Day 7 – Allen Carr & Socialising

So I haven’t posted for a few days…… why? Because I’ve been out and about living my life.

Rather than bore you with every detail I’ve been up to, I’m going to pick the two most significant developments since my last post.

Allen Carr’s Easyway Class

Last Saturday, I attended Allen Carr’s easy way to quit alcohol course in London. I had mixed feelings about it, having read the book and agreed with the points, but not felt compelled by its content.

I arrived for a 9am start at the treatment centre. There was some form filling to be done in the reception area and it was clear that the other delegates were mostly as uncomfortable and nervous as I was about being there. We were warmly welcomed by the chap leading the course and made our way to the treatment room full of reclining chairs with tea/coffee making facilities next door.

One of the first parts was a bit of Q&A about why people were there and their drinking. For some reason I hadn’t expected this and immediately panicked. In actual fact, I was very quickly reassured by the fact that we all shared similar stories; high pressure jobs, high achievers, not opening vodka for breakfast every day but still very clearly functioning alcoholics in some shape or form. Turns out one attendee had come all the way from the US to take the course.

I won’t say too much about the content of the course itself (take a look at their website and/or get the book) but what I can say as I type this is that it’s changed my outlook. The key is the drinker’s perception of alcohol and drinking, basically I no longer see it as a forbidden fruit.

Now don’t get me wrong, I didn’t skip down the road at the end of the day ( I think we finished around 3pm) having had some epiphany. In fact I felt rather confused – convinced on an intellectual level that booze wasn’t attractive but uncertain if this would be enough to convince my subconscious this was the case.

It’s the events of the following days that surprised me.

Dinners. Pubs and Clubs

The advice from the Allen Carr session was to go straight out into the world and get on with things. To say I was nervous about this concept would be an understatement. I was shitting myself. I thought back to times before when I’d been off the drink through willpower and been tortured all night wanting a drink but not letting myself have one. 

In the end I just got out and did it.

Saturday night I met a friend for drinks and dinner. She drank, I didn’t, we had a lovely evening, I got home around 2am and slept like a log. perfect.

Sunday was a little more tricky (or so I had thought). Notting Hill Carnival was taking place in London (for those of you who aren’t familiar, Google it, it’s pretty special!) and I had invites from different gangs of friends to meet up during the day and night for various parties that were going on. In the end I decided I would go out for the evening rather than the daytime event, we were going to a DJ event afterparty. The gang I met were in brilliant spirits and were all in various states of happiness depending on their level of substance intake (mostly booze).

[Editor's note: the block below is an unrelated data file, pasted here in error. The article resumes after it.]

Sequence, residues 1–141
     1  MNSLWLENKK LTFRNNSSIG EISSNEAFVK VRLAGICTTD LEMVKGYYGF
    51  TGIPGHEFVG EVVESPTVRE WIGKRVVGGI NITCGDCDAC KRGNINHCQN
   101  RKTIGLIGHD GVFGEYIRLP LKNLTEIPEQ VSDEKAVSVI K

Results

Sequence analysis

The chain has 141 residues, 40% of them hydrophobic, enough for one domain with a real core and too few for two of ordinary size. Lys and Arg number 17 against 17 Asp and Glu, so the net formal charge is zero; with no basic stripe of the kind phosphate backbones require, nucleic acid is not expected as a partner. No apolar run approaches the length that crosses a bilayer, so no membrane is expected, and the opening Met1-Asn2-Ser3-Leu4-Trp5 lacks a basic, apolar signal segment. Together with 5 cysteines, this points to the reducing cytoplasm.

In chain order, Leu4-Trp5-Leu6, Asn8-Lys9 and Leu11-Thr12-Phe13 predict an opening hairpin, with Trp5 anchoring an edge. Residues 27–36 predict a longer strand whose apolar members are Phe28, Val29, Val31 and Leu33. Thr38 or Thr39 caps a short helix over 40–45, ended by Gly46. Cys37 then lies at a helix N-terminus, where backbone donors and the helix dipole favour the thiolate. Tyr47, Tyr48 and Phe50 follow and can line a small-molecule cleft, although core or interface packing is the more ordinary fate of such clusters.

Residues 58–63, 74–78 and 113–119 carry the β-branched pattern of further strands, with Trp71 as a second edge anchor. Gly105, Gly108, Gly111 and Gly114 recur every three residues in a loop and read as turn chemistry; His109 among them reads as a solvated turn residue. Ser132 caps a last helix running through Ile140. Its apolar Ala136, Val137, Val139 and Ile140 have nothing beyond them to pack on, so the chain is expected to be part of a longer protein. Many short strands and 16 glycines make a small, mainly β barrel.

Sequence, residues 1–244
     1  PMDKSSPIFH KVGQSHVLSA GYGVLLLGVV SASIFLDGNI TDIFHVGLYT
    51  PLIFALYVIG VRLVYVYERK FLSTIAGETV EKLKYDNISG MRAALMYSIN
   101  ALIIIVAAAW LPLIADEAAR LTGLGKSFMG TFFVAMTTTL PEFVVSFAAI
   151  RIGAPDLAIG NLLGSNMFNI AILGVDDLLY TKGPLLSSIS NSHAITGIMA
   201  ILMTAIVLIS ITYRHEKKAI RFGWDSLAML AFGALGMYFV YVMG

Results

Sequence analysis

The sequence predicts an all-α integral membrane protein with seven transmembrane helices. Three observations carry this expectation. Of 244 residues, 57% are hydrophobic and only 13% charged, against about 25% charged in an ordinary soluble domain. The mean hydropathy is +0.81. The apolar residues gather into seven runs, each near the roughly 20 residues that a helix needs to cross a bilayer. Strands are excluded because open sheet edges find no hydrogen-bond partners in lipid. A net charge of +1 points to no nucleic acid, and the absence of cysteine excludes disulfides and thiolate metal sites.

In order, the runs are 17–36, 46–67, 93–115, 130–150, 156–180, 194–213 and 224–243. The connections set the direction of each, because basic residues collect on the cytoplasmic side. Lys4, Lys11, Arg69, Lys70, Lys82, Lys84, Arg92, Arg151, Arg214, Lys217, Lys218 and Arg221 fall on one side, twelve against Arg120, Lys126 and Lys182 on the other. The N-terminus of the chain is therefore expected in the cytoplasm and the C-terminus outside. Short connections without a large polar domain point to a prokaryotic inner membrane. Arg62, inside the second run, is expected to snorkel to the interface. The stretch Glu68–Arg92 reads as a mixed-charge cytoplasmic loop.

I arrived around 9pm with a friend, she had G+T and I had soda + lime. We met up with the group and started dancing almost instantly (the DJs were awesome). 

I danced for nearly 4.5 hours straight. No one asked/cared or was interested in what I was or wasn’t drinking or taking. It was brilliant. The closest I got to a raised eyebrow was when someone offered me a drink, I told them soda and lime and they simply said “is that all?”. I responded yes.

I arrived home around 2am sober, sweaty, tired and elated. Booze hadn’t crossed my mind all night. I was so happy.

Putting it all together

So I know it’s early days, but taking the Allen Carr course and then putting it straight into practice has been liberating. I feel like my attitude to alcohol has fundamentally changed. I have a load of social events coming up which last week were really worrying me. Now I know I can fully participate without alcohol, I’m looking forward to them.

During the Allen Carr course there were many great metaphors and analogies for alcohol addiction and its hold. Most resonated with me, some didn’t. I was hoping to find a one liner I could hold onto and keep in my mind for difficult times but with only 30 minutes to go there wasn’t anything that really struck me.

Then in the closing part of the course, the therapist quoted some lines from The Shawshank Redemption. These two lines have been going round in my head since Saturday afternoon and make me ripple with excitement and gratitude when I repeat them to myself:

Associated with the struggle we’ve all been through to get to sobriety:

“Andy crawled to freedom through five hundred yards of shit-smelling foulness I can’t even imagine- or maybe I just don’t want to. Five hundred yards… that’s the length of five football fields; just shy of half a mile. Andy Dufresne, who crawled through a river of shit and came out clean on the other side.”

Associated with freedom from alcohol and the future (my favourite):

“I find I’m so excited I can barely sit still or hold a thought in my head. I think it is the excitement only a free man can feel, a free man at the start of a long journey whose conclusion is uncertain.”